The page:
This 1962 travelogue, filmed by producers Rudolf Travnicek and Georg M. Reuther for Bavaria Studios in Munich, has been acquired by Walter Reade-Sterling. It had been additionally fitted up with a prologue introducing narrator Burl Ives and also got an English narration spoken by Burl Ives (author's comment: This has most likely already been for the "Wonderama" presentation). The transition has been smooth and painless. It has been decided to present it in the single-projector Cinerama process with the help of a special projector lens which compensates for the Cinerama screen (it's a bit deeper than standard 70mm screen). With this film another worthy feature has been added to the Cinerama library. Appeal should be general. There is a considerable resemblance in concept to Louis de Rochemont's Cinemiracle film "Windjammer", which also dealt with a sailing ship manned by cadets. This one, however, sails from Gothenburg (Sweden) to the countries bordering the Mediterranean. Their ship is an American-designed, British-built three-master with the English name "Flying Clipper", while the crew is Scandinavian, including 20 Swedish Merchant Marine cadets. Their cruise includes visits ashore in Egypt, Portugal, Yugoslavia, Turkey, Lebanon, Greece, Italy, Monaco and Spain and a lengthy sequence aboard the U.S. aircraft carrier "Shangri La" when one of the cadets needs an emergency appendectomy.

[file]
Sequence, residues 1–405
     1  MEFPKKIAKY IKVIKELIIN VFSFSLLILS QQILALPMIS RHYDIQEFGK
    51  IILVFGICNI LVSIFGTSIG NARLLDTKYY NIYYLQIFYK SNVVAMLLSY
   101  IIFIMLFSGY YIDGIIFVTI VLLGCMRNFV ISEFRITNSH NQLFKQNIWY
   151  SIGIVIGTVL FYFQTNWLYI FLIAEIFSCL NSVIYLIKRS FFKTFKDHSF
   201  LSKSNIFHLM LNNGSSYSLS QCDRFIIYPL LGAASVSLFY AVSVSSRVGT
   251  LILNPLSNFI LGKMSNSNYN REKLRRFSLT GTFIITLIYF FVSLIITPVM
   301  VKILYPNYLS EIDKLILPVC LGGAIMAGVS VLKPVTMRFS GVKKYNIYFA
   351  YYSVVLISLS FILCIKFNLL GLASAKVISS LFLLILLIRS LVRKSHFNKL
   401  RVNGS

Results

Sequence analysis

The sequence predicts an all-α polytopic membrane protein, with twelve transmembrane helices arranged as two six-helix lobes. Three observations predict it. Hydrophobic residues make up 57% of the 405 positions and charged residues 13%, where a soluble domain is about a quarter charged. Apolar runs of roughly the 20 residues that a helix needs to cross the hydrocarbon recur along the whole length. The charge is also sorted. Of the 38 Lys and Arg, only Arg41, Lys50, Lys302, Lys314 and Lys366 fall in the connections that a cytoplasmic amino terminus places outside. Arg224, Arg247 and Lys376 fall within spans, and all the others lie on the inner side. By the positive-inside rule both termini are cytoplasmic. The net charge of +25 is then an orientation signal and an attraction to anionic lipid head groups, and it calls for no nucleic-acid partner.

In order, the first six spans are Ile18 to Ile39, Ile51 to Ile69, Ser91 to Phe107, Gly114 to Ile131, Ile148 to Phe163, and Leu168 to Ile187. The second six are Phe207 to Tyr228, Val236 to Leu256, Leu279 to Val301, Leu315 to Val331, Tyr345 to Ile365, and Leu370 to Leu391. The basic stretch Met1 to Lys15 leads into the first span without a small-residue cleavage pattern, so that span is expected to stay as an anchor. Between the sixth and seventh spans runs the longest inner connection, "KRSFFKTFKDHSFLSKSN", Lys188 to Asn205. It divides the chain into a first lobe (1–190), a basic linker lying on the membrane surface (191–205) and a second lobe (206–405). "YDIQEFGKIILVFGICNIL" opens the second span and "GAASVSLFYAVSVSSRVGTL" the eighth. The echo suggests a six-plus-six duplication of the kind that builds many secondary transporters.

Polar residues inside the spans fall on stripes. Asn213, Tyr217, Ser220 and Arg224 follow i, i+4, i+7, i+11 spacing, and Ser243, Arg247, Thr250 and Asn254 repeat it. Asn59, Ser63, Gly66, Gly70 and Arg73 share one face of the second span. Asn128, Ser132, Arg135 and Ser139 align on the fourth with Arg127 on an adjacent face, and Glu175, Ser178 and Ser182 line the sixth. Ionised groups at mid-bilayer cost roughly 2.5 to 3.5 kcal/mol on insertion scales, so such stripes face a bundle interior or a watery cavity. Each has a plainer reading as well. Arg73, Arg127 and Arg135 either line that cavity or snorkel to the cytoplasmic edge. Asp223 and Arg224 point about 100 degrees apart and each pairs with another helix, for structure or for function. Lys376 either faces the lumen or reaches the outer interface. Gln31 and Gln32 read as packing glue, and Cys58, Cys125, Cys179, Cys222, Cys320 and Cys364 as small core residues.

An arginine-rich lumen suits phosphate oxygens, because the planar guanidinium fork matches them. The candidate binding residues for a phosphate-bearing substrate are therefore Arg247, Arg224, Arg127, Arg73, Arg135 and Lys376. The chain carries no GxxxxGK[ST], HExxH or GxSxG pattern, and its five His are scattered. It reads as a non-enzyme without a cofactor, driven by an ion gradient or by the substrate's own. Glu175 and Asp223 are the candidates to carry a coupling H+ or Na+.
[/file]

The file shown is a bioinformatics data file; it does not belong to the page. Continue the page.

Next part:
Image and information courtesy of Martin Hart from the website of the American Widescreen Museum

Burl Ives in a prolog shot by a Hollywood camera crew at Santa Monica pier, appears on screen to set the scene, but remains an off-screen singing and narrating voice through the remainder of the film. His occasional singing of sea chanties are lifted from one of his Decca albums. William Lovelock's narration, while erudite, also contains considerable whimsy. With exception of a wild bus ride down a mountain, there is little of the familiar "Cinerama audience-encompassing feeling" in the film (author's comment: Such as the well-known roller coaster ride in "This is Cinerama"). Best of the photography is the aerial filming by Heinrich Schäfer and Heinz Hölscher. Color work throughout is tasteful and a great asset. Helicopter-made shots enable the viewer to see such stretches of little-visited country as the eerie Anatolian flatlands.